August 09, 2008

What I'm reading today


Today's Bible Reading Jeremiah 7-9


Other than that, I will be mostly reading traffic signs today. We're headed to Greeneville, TN, and then on to Pigeon Forge. It should be an enjoyable week with lots and lots of photography. What could be better?

Entrance to the Black Water Creek Trail

Yesterday my son wanted to go bike riding together. I don't often get to ride bikes with him because I tend to work pretty late in the day and by the time I'm able to spend time with him it's a little too late to go somewhere to ride bikes. And there's just not enough area around our house that keeps us away from major roads. So I don't like to just take the bikes out and go for a ride.

But the Black Water Creek Trail is not more than a couple miles from our house. So it's quite easy to just load up the bikes onto the back of Suzie-Annie (that's David's name for my Dodge Intrepid) and go to the Trail.

Another family taking a break on the trail

So yesterday we did that. At about 4:00 we loaded the bikes up onto Suzie-Annie and headed to the trail. Because I have a new backpack designed to hold a camera, I grabbed that too. The Black Water Creek Trail is gorgeous—no matter what time of year it is and pretty much all day. I haven't been there at night, but I bet it's beautiful then too. But since we usually ride bikes on the Trail, I have not taken my camera before, except for one time when we walked the Trail instead of riding it.

The Black Water Creek Trail is a 5+ mile stretch of converted railroad track. It is part of a railroad line that is being converted to walking/biking trails between the Peaks of Otter (near Lynchburg) and Virginia Beach. Eventually it will be a 200-mile-long trail with picnic and camping areas dotting the length of the trail. That's going to be great. But for now it is still a wonderful trail to ride between our house and downtown Lynchburg.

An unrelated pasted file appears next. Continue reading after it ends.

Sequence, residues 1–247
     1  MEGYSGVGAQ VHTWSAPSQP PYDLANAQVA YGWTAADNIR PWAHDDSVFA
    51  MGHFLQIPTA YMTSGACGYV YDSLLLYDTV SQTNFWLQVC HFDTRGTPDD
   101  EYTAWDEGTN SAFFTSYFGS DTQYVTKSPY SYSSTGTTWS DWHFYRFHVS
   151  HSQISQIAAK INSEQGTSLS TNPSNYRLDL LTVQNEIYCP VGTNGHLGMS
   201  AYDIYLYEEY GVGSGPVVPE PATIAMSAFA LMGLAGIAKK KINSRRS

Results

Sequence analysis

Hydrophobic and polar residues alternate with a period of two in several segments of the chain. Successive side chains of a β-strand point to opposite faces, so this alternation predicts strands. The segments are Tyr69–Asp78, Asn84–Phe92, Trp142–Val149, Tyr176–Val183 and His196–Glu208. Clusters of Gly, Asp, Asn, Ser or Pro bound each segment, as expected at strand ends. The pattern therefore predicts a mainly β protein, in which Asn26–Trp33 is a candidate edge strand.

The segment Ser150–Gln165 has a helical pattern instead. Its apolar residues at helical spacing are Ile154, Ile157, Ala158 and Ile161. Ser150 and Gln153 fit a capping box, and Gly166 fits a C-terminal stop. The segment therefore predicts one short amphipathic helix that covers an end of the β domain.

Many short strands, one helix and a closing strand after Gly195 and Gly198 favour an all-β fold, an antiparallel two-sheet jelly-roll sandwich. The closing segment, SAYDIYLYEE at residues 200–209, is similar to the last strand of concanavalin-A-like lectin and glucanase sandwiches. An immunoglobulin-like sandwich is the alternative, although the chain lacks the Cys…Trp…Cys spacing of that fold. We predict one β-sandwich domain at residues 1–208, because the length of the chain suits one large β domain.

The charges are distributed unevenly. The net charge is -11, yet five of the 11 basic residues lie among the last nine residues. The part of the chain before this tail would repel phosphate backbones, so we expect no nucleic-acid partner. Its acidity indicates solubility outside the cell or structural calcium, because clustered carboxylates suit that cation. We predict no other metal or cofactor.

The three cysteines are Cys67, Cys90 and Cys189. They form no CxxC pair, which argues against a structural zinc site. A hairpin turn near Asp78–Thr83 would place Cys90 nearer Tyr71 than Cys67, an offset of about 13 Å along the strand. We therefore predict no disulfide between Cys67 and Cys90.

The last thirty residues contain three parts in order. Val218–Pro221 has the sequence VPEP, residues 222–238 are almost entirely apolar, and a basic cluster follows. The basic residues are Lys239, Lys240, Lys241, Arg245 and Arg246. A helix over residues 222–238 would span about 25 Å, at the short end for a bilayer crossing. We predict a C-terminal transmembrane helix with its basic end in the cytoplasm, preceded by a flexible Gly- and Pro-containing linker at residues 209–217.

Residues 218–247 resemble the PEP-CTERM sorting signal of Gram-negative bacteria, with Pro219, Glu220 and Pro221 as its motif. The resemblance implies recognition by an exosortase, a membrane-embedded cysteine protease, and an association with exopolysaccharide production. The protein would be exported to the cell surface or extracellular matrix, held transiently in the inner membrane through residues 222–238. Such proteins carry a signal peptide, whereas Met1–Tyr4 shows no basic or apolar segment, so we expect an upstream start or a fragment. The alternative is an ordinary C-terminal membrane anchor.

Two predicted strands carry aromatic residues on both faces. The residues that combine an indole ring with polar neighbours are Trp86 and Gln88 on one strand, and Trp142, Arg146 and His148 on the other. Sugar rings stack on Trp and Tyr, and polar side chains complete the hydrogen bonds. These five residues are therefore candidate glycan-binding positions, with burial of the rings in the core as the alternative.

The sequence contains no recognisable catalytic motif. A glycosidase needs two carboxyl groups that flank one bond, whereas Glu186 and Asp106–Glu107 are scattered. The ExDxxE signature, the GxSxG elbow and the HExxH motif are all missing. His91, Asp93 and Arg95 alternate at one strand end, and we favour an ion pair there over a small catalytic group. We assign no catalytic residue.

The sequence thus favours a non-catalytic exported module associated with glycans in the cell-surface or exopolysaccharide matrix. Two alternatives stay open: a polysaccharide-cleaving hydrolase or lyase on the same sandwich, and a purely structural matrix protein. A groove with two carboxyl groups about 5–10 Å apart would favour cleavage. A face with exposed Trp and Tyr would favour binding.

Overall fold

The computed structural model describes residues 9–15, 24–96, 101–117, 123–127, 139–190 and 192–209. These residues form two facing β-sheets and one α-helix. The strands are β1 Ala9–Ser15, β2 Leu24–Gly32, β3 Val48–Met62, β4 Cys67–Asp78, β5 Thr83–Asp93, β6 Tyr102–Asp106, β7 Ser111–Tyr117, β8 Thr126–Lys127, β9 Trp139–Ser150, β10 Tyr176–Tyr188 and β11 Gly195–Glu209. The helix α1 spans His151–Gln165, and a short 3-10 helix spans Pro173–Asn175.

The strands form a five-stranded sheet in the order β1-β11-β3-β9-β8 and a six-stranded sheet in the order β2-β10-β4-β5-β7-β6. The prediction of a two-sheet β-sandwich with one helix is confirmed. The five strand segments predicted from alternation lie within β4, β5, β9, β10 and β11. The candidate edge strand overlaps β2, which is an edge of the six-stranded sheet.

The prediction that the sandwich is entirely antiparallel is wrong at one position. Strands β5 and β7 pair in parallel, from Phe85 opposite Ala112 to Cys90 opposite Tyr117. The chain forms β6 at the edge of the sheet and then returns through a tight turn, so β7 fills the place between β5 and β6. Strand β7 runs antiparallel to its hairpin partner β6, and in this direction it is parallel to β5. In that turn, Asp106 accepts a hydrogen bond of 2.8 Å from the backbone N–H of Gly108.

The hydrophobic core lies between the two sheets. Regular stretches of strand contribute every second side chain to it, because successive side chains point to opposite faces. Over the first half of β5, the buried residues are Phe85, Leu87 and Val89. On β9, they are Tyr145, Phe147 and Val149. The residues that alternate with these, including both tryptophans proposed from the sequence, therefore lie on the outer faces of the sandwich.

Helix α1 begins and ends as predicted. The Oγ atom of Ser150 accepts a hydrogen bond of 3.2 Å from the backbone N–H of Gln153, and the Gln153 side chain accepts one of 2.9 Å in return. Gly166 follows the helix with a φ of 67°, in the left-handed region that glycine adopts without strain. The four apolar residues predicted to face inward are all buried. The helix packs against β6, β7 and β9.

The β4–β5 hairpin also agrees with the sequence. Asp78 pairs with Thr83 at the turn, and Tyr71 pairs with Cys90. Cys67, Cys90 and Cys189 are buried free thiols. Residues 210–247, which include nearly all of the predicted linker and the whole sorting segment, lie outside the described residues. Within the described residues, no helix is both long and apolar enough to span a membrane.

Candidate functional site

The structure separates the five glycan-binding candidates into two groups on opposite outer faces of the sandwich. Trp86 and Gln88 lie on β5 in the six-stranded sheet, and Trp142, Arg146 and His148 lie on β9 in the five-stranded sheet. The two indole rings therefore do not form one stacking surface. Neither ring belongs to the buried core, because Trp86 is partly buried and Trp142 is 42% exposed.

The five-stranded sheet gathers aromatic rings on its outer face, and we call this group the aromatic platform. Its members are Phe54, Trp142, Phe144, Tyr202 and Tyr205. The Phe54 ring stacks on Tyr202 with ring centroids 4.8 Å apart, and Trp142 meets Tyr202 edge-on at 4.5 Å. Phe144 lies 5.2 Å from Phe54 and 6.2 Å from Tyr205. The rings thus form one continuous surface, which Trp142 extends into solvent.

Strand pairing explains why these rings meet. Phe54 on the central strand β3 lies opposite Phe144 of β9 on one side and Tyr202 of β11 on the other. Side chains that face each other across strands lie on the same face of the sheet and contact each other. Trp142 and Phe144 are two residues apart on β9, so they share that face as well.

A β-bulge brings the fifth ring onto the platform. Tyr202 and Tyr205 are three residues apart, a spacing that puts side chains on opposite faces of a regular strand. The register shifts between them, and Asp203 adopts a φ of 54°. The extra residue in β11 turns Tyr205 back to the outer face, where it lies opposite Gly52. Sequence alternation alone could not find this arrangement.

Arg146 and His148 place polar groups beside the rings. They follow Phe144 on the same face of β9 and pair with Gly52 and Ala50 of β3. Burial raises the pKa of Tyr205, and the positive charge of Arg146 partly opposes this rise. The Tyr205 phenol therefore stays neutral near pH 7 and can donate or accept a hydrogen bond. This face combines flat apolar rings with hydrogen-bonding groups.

There are benches donated to the trail by Dasani (the bottled water people) along the way for the walkers and a few bikers to stop and take breaks at. In the photo to the left you can see my bike leaned up against one of these benches. The trail goes under this fantastic railroad bridge and yesterday when we stopped to take some pictures of the bridge a very long train passed overhead. David was ecstatic. He has always loved trains and I have to admit—it was really cool standing 80 feet under the train as it passed overhead.

Because the trail is a converted railroad track and because Lynchburg is a city in the mountains, part of the trail has been hewn out of solid rock. The trail goes through this tunnel about halfway between our house and downtown Lynchburg. It's always fascinating to enter this tunnel on a warm day because the temperature drops dramatically as soon as you get a few feet into the tunnel. David loves the sensation. There's a lot of dripping on the walls and the tunnel curves so when you're in the middle of the tunnel you can't see either of the ends of the tunnel. That would make it kind of creepy if it weren't for the fact that when they converted the trail they ran electric wires and mounted lights on the top of the tunnel. It's still a little darker than outside and has a very different sound (lots of echo), so David really loves going through it.

Black Water Creek Trail Tunnel

I've posted quite a few of what I've called the "I love Lynchburg" posts. And this is one of those things that I love about Lynchburg. In fact, I've written about the Black Water Creek Trail before. But something that really strikes me on this trail is that the people are friendly and polite. Yesterday we met seven dogs as they and their masters were going for walks. Each person stopped and let David meet their dog. we also saw two cottontail rabbits, who we are sure are relatives of our rabbit, Roger.

If you add the super-long train that we saw on the bridge to the delightful people and animals we saw, you just have a fantastic outing. A perfect was to start our week of vacation.

No comments:

Post a Comment

No personal attacks. No profanity.

Please keep your comments in good taste. Leave a name so we know who you are. Your comments are welcome, but anonymous flames and sacrilege will be deleted.